Of Knees, Knuckles, Knots and Kalymnos

My knees have never looked worse. Even as a kid I never had so many bumps, bruises, abrasions and scabs as during this past year of climbing. Regular run-ins (bang-ons) with rock and ice will do that. Sometimes, knee damage occurs due to poor technique (leading with a knee and crawling over a ledge is not considered to be beautiful, stylish climbing…) and sometimes due to the rock being a tad closer than expected (bang!). Not that knees are always in the way. There are a couple of techniques that depend on clever knee placement. Knee drops are one of those – kneebars are another.

This video shows how the climber pivots her foot on the hold, drops her knee, gets her hip close to the wall and is then able to reach up and through to a hold above using a dropped knee.

Kneebars require the climber to wedge the top of the knee against or behind a bit of rock while the foot on the same leg is jammed against another bit of rock. Tension in the leg then creates a pretty stiff anchor strong enough to support much of one’s body weight. You can then either take a quick rest and shake out one (or both) arms or gain a bit of extra distance with an arm when you need to reach for a hold.

This video shows a bunch of different knee bars on various routes.

My knuckles have also taken a bit of a beating – not just from superficial scrapes (they often make me look like I’ve been fighting in back alleys), but also because they regularly get stuck in tight places.

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My knuckles are still stiff, sore, and swollen after this crack climbing practice session at the University of Calgary climbing wall… Jamming your knuckles into a finger crack can make you feel pretty secure in the moment, and rather miserable for days after. 

As for knots, it seems like they are the bane of my existence at the moment. Being dyslexic, it sometimes takes me an inordinate amount of time to master any technique that relies on things moving through space in a particular direction. Over, under, around and through, recently I’ve been attempting to add more knots to my ropey repertoire.

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Here we are back at home a couple of weeks ago at our simulated anchor at the playground,  practicing crevasse rescues. Prussiks, Munters, Gardas, clove hitches, figure eights, overhands, and who knows what else were all knots we used during the exercise… Wherever possible, each was tied while wearing gloves – being able to tie a knot without taking your gloves off could mean the difference between frostbite and no frostbite, remaining functional and, well, perishing.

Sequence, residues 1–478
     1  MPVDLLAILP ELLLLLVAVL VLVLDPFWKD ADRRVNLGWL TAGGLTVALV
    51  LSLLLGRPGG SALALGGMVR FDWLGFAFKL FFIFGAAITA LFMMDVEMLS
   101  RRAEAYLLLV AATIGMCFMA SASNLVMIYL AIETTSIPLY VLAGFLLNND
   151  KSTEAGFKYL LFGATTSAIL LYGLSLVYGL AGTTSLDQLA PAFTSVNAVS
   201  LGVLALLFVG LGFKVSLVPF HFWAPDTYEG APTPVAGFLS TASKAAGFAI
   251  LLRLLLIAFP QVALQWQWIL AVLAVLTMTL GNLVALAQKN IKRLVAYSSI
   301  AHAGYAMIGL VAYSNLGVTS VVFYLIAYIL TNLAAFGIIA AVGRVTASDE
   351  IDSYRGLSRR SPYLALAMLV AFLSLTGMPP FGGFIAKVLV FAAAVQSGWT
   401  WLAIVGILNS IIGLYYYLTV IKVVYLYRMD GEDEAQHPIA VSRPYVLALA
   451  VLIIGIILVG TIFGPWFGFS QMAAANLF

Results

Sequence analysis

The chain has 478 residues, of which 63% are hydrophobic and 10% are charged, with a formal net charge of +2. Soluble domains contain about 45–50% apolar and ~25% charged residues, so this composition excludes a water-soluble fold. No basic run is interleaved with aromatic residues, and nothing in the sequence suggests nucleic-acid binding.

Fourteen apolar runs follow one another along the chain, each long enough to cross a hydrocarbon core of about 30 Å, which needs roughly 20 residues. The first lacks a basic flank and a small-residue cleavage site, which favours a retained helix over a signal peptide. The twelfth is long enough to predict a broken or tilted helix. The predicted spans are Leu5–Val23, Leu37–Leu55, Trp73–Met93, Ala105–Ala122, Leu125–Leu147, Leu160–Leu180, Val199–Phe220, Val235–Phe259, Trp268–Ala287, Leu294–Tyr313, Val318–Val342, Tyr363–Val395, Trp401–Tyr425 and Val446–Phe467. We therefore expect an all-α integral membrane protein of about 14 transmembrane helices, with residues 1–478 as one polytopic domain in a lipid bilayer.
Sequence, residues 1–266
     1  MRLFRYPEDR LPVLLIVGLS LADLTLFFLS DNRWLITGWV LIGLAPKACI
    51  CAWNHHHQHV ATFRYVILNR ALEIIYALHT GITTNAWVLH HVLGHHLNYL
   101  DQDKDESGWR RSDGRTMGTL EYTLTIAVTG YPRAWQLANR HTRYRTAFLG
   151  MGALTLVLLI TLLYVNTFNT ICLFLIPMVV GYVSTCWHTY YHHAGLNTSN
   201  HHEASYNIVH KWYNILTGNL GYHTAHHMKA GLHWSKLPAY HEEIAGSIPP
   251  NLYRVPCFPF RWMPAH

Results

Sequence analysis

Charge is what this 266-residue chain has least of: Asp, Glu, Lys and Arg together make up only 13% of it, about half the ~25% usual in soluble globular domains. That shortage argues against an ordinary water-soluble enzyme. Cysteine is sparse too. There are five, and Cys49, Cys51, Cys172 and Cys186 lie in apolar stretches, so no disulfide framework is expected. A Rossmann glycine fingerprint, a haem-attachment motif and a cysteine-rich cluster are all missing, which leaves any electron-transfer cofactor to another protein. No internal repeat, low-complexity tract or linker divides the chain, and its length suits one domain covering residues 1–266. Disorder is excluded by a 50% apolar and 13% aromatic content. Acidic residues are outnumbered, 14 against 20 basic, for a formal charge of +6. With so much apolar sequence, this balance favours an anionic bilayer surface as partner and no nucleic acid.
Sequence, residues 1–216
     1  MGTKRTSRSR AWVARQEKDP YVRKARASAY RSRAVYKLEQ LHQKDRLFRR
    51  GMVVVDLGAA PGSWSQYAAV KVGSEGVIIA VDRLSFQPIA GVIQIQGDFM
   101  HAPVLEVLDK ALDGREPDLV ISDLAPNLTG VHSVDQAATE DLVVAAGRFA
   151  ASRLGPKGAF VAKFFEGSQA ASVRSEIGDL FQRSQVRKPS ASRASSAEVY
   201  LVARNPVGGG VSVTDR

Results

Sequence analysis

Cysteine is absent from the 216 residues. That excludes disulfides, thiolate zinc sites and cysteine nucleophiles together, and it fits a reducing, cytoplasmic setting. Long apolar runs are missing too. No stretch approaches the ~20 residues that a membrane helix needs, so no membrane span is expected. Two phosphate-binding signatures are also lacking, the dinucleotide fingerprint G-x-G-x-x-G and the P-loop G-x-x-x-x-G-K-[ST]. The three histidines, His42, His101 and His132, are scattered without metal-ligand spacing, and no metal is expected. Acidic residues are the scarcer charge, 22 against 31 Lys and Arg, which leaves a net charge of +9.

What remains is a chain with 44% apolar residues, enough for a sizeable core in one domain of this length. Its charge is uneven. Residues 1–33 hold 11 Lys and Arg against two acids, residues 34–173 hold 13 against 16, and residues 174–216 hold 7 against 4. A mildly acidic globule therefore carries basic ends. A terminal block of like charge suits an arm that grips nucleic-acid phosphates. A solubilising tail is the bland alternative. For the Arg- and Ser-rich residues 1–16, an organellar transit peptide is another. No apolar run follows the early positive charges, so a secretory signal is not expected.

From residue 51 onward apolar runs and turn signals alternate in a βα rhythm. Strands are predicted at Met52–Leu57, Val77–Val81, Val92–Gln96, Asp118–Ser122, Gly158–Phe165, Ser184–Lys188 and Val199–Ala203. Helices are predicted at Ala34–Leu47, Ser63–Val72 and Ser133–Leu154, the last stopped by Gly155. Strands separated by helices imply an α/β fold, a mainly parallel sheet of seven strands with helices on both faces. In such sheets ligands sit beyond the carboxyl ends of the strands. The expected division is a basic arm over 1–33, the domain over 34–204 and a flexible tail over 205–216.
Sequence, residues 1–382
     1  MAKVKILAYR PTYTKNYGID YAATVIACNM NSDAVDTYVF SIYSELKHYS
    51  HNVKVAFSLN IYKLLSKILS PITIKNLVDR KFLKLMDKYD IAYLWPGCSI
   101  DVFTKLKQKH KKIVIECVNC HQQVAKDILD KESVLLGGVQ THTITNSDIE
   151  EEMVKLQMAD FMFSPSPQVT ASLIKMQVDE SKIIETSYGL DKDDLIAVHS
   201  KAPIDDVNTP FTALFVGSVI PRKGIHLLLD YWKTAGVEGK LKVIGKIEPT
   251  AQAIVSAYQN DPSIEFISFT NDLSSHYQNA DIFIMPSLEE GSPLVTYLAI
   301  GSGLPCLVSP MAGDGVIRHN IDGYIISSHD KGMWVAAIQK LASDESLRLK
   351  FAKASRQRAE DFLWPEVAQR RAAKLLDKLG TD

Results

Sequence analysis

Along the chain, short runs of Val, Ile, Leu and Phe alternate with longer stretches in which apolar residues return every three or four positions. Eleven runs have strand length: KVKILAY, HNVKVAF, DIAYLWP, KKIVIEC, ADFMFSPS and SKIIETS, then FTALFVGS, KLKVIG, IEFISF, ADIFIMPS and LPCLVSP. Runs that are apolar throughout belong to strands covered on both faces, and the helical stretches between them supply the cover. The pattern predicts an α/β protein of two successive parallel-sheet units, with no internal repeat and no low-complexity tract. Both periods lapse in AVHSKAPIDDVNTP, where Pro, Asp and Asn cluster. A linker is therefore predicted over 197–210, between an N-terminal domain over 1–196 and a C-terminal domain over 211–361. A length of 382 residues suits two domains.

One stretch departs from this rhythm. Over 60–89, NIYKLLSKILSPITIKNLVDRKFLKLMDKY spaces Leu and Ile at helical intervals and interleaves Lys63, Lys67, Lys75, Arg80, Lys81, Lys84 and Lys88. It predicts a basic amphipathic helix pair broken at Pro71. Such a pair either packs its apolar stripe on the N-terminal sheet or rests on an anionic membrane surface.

As for Kalymnos, I really, really, really wish I had photos I had taken at this climbing mecca in Greece. As it is, I’ve never been there. Kalymnos is right at the top of my climbing bucket list: hopefully we’ll get there during next year’s planned sailing trip in the Med. For now, here’s a link to the guidebook:

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Kalymnos or Bust! (Meanwhile, my birthday is coming up soon and I don’t yet have a copy of the guidebook… hint hint.

Hey, with any luck we will be on a sailboat next April, just in time for the 2017 A to Z Blogging Challenge! If my knuckles haven’t completely seized up before then, maybe we’ll do a water-logged blog and on this date next year I WILL be posting my own Kalymnos photos…

5 responses to “Of Knees, Knuckles, Knots and Kalymnos

  1. I found a really cheap round-trip flight from Vancouver to Guilin in China that would have put me really close to Yangshuo and climbing….I’m really sad that I can’t afford to go this year….

    Liked by 1 person

  2. with my fear of heights – I’m shaking just looking at these pics 😀

    Liked by 1 person

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